TORONTO -- A majority of Canadians surveyed say more funding is needed for people and businesses hurt by the COVID-19 pandemic, according to a new poll.

The Nanos Research poll, commissioned by CTV News, found that 60 per cent of respondents believe at least “somewhat more” financial aid is required before a return to normal. One in 10 Canadians said less aid is needed, while one in four said the right amount is already available.

To date, the Canadian government has received more than seven million unique applications to the Canada Emergency Response Benefit (CERB) and has paid out more than $25 billion in aid money. This week, Parliament fast-tracked and passed a $9-billion fund for students struggling during the pandemic.

The new poll, which surveyed 1,049 adults in late April, suggests that Canadians expect the impact of the pandemic to get even worse, said pollster Nik Nanos, noting that the survey was designed to get Canadians’ vision of the “post-outbreak period.” Even with the aggressive stimulus package, most still believe more aid is needed.

“It’s almost like Canadians expect things to get ugly,” he told, calling the pandemic a “one-two punch” hitting the country in the health and economic gut. “They’re bracing themselves for the bad news.”

The poll also asked respondents about how the government might be able to manage the debt from aid provided and how soon businesses should be allowed to reopen and begin to recoup their own losses.


Respondents were less unified about government debt, with more than one-quarter of respondents saying the government should maintain current programs and allow the debt to grow, while another quarter said taxes should be increased on businesses. Eighteen per cent supported an increase in HST, while 17 per cent supported cuts to programs and services.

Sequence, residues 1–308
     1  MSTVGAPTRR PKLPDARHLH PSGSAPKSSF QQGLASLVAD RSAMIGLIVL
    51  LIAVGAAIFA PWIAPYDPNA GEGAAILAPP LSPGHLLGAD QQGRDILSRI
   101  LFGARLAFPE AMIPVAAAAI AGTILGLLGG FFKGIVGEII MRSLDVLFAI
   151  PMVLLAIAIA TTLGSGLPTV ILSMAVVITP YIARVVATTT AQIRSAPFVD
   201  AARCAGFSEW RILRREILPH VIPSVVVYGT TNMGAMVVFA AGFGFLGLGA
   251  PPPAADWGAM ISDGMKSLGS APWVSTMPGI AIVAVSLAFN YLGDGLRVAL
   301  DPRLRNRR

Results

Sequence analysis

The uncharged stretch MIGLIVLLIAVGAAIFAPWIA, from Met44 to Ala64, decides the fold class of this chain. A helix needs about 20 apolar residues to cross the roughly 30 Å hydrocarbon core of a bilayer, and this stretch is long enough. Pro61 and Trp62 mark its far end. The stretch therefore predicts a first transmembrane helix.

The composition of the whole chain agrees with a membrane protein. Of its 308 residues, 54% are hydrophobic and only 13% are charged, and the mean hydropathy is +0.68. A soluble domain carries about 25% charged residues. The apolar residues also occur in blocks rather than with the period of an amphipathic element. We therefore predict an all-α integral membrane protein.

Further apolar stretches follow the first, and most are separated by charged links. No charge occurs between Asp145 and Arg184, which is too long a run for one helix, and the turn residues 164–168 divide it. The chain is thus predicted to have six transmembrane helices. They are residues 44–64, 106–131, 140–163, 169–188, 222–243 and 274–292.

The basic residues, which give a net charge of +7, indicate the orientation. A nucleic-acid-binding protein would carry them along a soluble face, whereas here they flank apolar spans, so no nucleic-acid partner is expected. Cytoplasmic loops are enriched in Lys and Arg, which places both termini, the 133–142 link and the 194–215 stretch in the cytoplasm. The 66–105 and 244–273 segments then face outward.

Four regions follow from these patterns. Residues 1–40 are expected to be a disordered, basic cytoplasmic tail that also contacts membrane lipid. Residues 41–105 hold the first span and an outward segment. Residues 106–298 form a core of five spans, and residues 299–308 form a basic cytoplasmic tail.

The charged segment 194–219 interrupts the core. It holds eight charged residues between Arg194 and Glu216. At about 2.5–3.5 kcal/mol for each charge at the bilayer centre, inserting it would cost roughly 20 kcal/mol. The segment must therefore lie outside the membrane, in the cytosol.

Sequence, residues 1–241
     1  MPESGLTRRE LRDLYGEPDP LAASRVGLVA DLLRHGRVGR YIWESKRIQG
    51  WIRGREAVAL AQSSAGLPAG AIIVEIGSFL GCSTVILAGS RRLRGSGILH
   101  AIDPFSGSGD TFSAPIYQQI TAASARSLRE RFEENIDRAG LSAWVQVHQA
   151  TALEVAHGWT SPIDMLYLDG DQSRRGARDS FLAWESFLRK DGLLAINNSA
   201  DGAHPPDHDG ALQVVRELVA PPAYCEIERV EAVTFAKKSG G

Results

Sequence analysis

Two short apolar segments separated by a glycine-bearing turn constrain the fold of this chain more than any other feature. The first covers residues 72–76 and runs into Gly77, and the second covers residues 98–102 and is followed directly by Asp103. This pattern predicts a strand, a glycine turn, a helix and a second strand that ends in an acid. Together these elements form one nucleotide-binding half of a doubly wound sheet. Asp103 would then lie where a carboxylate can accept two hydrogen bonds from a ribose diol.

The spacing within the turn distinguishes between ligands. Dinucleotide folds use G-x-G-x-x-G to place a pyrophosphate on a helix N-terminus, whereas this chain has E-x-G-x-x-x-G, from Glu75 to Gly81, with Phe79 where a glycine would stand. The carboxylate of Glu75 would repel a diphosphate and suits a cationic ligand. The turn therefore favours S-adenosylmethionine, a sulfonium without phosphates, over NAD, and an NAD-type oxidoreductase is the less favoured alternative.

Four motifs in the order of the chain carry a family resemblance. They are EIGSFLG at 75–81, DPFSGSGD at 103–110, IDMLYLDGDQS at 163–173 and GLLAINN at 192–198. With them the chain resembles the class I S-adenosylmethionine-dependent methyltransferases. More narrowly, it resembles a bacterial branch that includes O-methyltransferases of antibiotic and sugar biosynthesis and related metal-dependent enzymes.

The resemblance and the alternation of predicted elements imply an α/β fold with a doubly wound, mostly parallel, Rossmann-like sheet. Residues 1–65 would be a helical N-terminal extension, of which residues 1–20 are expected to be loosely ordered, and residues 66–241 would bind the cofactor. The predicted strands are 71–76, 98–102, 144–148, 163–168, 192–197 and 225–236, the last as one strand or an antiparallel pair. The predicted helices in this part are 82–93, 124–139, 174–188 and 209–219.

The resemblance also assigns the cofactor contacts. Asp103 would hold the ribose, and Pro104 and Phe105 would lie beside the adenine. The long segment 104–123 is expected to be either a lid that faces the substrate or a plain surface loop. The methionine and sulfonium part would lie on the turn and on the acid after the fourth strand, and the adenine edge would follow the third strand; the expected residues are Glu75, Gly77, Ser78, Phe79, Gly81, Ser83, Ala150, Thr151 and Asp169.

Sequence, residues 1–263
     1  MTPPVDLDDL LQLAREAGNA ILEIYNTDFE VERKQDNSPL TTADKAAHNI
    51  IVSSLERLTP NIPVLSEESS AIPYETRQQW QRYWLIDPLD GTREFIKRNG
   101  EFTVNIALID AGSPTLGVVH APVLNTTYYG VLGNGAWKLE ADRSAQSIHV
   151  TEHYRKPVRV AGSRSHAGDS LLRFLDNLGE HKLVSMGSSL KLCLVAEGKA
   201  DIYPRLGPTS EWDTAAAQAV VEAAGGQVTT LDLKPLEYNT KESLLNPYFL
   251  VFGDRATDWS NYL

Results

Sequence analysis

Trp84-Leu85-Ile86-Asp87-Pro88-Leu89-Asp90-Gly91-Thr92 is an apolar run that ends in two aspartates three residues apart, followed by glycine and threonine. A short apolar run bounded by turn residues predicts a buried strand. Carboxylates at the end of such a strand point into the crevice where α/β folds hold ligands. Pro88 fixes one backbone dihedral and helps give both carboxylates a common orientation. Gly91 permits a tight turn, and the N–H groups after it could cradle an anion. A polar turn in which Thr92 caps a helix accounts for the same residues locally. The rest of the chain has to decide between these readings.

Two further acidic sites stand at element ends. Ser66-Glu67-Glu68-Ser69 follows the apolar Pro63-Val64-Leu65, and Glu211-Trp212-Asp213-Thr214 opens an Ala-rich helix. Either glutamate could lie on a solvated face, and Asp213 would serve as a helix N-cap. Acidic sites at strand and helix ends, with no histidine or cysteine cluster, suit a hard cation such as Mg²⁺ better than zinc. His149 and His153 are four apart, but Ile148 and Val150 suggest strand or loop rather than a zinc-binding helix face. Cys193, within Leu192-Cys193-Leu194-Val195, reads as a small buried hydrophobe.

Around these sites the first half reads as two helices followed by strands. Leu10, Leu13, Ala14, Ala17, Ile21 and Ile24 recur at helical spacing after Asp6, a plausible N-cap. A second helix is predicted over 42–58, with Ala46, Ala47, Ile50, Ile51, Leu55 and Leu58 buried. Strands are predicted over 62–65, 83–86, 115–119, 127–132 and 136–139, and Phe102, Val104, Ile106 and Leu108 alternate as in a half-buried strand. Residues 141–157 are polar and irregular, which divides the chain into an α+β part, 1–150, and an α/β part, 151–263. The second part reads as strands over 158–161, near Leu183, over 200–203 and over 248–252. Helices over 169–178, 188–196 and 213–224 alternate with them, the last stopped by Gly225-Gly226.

Just nine per cent supported increasing taxes on individuals, which Nanos said makes one thing quite clear: “They don’t want to pay for the bill,” he said.

Meanwhile, across the country, strategies for reopening the provinces and territories are beginning to materialize so that businesses can make money again, but Canadians remain uncertain of how soon they should be allowed to open their doors. 

Only five per cent said businesses should reopen immediately, which was among the most surprising results of the poll, said Nanos, noting recent protests in Canada calling for a return to work. The poll results suggest that those activists represent “a very small minority of the population at this point in time,” he said.

Some 40 per cent of respondents said they didn’t know what the reopening timeline should be, while one-third of respondents said it should be at least two months. Twenty-eight per cent said it should be one month or less. 

“There aren’t a lot of Canadians who believe or expect that businesses will open in the short term,” said Nanos. “This speaks to the uncertainty that Canadians have and also the conflicting information that they’re seeing in other countries that have different approaches.”


The poll revealed that Canadians were somewhat unified on two fronts: physical distancing and closed borders. Some 95 per cent of respondents said they are practising physical distancing, and 92 per cent said they at least somewhat support keeping the border between the U.S. and Canada closed to non-essential travel until the number of new cases south of the border drops significantly, even if that takes several months or longer.


These observations are based on a hybrid survey of 1,049 Canadians, 18 years of age or older, between April 25th and 27th, 2020 as part of an omnibus survey. The margin of error for this survey is ±3.1 percentage points, 19 times out of 20.